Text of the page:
Hacan shows numbers of Heathrow flights over London boroughs – Hounslow & Richmond the worst

HACAN has produced a short paper looking at just how much the London boroughs, to the east of Heathrow, are affected by its noise.  Using figures from Heathrow’s own data, it can be worked out how many planes (take offs and landings) fly over each area in a year.  The study did not look at areas west of Heathrow, like Windsor, which are also very badly affected – largely by take offs.  The wind blows approximately 70% of the time from the west, so that is when Heathrow is on “westerly operations”.  HACAN’s research shows – predictably – that Hounslow is the most overflown.  It gets the noise from all arrivals from the east, on both runways. It also gets all departures towards the east.  That is around 240,000 per year – ie. half of all flights using Heathrow.  Richmond is close behind in second place, with nearly as many (slightly fewer take offs).  The boroughs of Lambeth, Southwark are close behind.  A map of the London boroughs shows why this is.  Other boroughs in London get not only the noise of Heathrow arrivals, but planes using London City airport too.  These boroughs – especially Waltham Forest, and Southwark – suffer from both, and are therefore high on the list of the areas suffering the most planes overhead per year. 


The Most Overflown Boroughs in London 2015/16

An analysis by HACAN of Heathrow arrivals (on westerly operations) and departures (on easterly operations)

The full Hacan analysis

In 2009 HACAN produced an analysis of the most overflown boroughs in London. We have updated it based on 2015 and, where available, 2016 statistics.

Hounslow, Richmond and Waltham Forest retain the top three positions. In 2009, Waltham Forest’s third place surprised most people, though possibly not the residents of Waltham Forest!

The other surprise may be that only three of the top twelve are West London boroughs. This reflects the fact that a lot of West London benefits from runway alternation (when planes switch runways at 3pm to give residents a half day’s break from the noise), together with the fact that West London is not overflown by London City aircraft.

The top 12 of the areas overflown by Heathrow arrivals from the east (on westerlies) and Heathrow departures towards the east

No of arriving aircraft per year

1. Hounslow 239,000

2. Richmond 200,400

3. Waltham Forest 190,000

4. Lambeth 189,900

5. Southwark 187,900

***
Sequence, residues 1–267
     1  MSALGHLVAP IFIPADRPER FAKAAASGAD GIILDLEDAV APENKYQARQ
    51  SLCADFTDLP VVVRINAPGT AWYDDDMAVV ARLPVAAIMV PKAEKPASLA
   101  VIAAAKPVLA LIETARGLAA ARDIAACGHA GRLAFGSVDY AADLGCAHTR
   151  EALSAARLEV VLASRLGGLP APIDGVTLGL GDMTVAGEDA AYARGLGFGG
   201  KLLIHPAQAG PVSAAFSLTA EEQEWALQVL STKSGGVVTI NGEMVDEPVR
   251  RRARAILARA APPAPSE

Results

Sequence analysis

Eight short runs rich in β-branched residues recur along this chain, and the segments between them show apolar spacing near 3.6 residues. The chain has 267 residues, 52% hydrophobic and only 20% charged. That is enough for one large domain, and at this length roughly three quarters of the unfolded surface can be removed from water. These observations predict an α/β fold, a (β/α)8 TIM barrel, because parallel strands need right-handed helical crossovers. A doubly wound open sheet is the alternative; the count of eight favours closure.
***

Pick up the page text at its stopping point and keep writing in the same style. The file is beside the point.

6. Wandsworth 178,400

7. Newham 176,000

8. Lewisham 172,500

9. Greenwich 165,000

10. Tower Hamlets 129,000

11. Croydon 116,000

12. Haringey 115,000

Map below showing location of boroughs.

Full map here  (click on an area to see which borough it is)

[Windsor is also very heavily overflown, but is not a London borough]

How the analysis was carried out

•The figures are indicative. Precise figures would require a much more in-depth study which took detailed account of all the variables. But we believe the figures are broadly accurate. They are all taken from official sources. However, they are intended to provide a broad snapshot rather than a detailed analysis.

•We only factored in the planes which used London City and Heathrow Airports. We ignored planes using Northolt. We also ignored those which use other UK airports (over London they tend to be at a height where they don’t cause noise problems).

•We didn’t take into consideration the heights of the planes.

It is also worth stressing that, while it is clear Heathrow, in particular, impacts a large swathe of London, there are parts of most boroughs which are relatively unaffected by aircraft noise.


Our observations

It is not surprising that Hounslow and Richmond top the list.  They are the London boroughs closest to Heathrow. (Hillingdon, the borough in which Heathrow is situation, is parallel to the airport so it is overflown much less). They are overflown when planes are landing from the east – 70% of the time in a typical year – and when planes take off from the west – 30% of the time. It is worth saying, though, that there are few, if any, areas in either borough which are flown over all day long every day of the year.